Unimportant Until Needed

In the last few weeks at work, there has been a flurry to update things, like the “first aid” kits.  Awhile back I refilled my own at work at my own expense – I’d ordered what I thought was a “first aid” kit, only to find out it was an empty box with the word “first aid” written on it.  Cost $4.00 or so.  Now that there is a mandate to make sure it is not filled with expired stuff, I rummaged through the “official” one, and these are some of what I found:

  • eyewash from 2004
  • finger splints so brittle they split when flexed
  • leaking iodine and alcohol preps
  • “sterile” pads without expiration dates, but with yellowed wrappings
  • yellowing adhesive tape that looked totally gross
  • something else which expired in 2005

Needless to say, this stuff got tossed.  My own kit is minimal – bandaids and antibiotic ointment – but at least it is not 6 or 7 years old!

I’ve worked in healthcare for years.  I’ve worked as a temp in offices and found outdated medications.  I’ve worked in large medical facilities where people are careless and lazy, moving crash carts to the wrong area and failing to restock them as necessary.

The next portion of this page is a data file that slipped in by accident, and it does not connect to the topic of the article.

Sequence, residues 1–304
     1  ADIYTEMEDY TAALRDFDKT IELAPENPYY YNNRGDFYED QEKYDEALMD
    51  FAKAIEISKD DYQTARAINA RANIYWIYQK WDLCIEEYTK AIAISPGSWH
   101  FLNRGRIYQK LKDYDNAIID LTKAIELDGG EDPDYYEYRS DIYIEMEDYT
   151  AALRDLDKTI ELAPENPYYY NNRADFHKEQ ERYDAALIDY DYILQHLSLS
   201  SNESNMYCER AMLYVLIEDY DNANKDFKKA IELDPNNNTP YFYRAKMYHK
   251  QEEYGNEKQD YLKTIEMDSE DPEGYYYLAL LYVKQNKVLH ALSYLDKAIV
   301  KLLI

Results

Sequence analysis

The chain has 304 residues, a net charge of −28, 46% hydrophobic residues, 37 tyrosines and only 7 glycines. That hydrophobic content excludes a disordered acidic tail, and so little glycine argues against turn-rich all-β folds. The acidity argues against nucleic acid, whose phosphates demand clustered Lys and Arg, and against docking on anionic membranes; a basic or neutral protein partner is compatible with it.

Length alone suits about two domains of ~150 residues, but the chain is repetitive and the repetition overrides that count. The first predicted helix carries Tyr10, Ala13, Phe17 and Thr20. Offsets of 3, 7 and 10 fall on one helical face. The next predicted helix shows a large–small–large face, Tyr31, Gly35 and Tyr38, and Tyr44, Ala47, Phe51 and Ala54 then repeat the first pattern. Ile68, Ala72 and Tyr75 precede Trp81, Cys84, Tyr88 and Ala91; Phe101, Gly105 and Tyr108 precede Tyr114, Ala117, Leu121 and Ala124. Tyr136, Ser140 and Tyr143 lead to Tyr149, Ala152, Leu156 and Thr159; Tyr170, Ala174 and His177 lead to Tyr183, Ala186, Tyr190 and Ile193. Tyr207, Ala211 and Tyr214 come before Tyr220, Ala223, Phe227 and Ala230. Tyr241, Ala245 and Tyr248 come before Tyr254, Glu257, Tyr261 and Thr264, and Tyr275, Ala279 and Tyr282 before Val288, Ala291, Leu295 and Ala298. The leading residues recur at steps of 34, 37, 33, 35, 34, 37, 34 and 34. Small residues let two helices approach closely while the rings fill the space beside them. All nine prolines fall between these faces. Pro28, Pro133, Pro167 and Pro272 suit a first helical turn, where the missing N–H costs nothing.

Most of us don’t think about our first aid kits, nor the need for earthquake kits, or being prepared for hurricanes or other natural disasters, or being stranded in a blizzard without a backup set-up in the trunk of the car.  This first aid kit was a travesty – the result of true negligence until compliance and potential inspection came onboard.  Most of us think of our computers as outdated when more than a year old (I do!), but don’t give too much thought to more vital elements which are unimportant until needed.

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